SwingJS Explained

2020 Note: This site showcases our very earliest applets, created in 2016, before we had full AWT and Swing support. They do work! But they include numerous no-longer necessary "hacks" to function with the first-generation transpiler we were using at that time.

The overall objective of SwingJS is to allow rapid porting of Java SWING Applets to JavaScript/HTML5 with a minimal to no refactoring. As of this writing (2016), "rapid" means a several hour turnaround, but we hope to expedite the process down to mere minutes. (Note added in Jan 2020: The applets you see here were developed painstakingly using the original java2script transpiler; we no longer need to do much in the way of refactoring other than optimizing performance and handling modal dialogs and while/sleep loops.)

Project History

The project derives from two successful ports of Java applets to HTML5. Both use the Java2Script (J2S) Eclipse-based compiler with a customized client JavaScript library. J2S projects are developed in Java, tested in Eclipse as Java applications or applets, and then, via a few relatively involved ANT tasks, ported to JavaScript for further browser-based testing and deployment.

The Jmol Java Applet, developed by Bob Hanson, St. Olaf College, was ported to JavaScript/HTML5 in late 2012 and early 2013 and is under very active and mature development as JSmol.

JSmol is fully operational. It is identical in operation to its Java counterpart, including massively scriptable thread-like behavior (simultaneous molecular vibration, spinning, and user mouse-event based manipulation) and reasonable 3D visualization performance without WebGL. With 160,000+ lines of ported Java code and 600,000+ documented page views per month, JSmol serves as proof-of-concept that the Java2Script compiler/library is a serious and already successful solution to the Java-to-JavaScript problem. Since 2012, Two other Java projects, JSpecView and AstexViewer, have been ported successfully. Real-time conversion to JavaScript takes approximately 3 minutes; full packaging and deployment takes about 30 minutes.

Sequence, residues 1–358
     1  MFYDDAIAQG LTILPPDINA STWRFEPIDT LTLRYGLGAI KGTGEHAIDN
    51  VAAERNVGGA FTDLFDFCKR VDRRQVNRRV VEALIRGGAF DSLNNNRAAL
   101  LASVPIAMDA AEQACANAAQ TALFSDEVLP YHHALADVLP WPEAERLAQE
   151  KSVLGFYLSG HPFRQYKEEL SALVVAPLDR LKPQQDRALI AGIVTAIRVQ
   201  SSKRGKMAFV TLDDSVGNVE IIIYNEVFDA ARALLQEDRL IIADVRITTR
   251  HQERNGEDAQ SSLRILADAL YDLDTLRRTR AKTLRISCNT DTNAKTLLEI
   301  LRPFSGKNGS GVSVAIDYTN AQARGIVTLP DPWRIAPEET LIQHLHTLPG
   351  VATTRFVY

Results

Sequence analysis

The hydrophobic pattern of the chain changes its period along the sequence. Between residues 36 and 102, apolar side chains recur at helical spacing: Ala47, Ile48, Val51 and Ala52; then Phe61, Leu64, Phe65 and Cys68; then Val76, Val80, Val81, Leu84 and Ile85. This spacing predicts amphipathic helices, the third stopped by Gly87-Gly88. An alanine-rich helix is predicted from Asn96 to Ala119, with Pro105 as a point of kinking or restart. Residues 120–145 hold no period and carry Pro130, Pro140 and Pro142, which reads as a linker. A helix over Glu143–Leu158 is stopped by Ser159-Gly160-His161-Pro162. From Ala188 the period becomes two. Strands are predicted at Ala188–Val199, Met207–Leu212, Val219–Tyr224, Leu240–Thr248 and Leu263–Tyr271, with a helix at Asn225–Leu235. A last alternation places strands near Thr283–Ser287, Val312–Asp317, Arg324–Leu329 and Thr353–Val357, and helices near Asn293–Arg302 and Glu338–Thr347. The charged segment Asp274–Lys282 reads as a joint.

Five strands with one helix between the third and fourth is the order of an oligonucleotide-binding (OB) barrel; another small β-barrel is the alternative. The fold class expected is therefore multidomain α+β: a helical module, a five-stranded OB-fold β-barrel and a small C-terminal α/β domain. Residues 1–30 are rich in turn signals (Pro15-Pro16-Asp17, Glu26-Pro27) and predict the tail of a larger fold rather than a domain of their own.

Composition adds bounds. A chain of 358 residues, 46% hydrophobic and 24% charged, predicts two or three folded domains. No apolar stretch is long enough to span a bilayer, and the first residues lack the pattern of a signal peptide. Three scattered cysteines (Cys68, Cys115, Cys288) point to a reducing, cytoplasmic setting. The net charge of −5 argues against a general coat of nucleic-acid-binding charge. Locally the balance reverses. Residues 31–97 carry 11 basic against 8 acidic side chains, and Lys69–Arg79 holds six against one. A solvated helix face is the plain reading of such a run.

The second project is ClientJS, developed by Udo Borkowski, abego Software et.al.. The project successfully ported several legacy Java Applet applications, mainly from the health care area, to be used as pure HTML5/JavaScript web pages. All applets are highly interactive, using table and form driven screens. The resulting HTML5/JavaScript pages use all kinds of components to provide an user experience often only known from desktop applications, including features like menu bars, tabbed register panels, combo boxes, sortable tables and many more. The Java applet version and the HTML5/JavaScript version co-exist and are created from the same source code.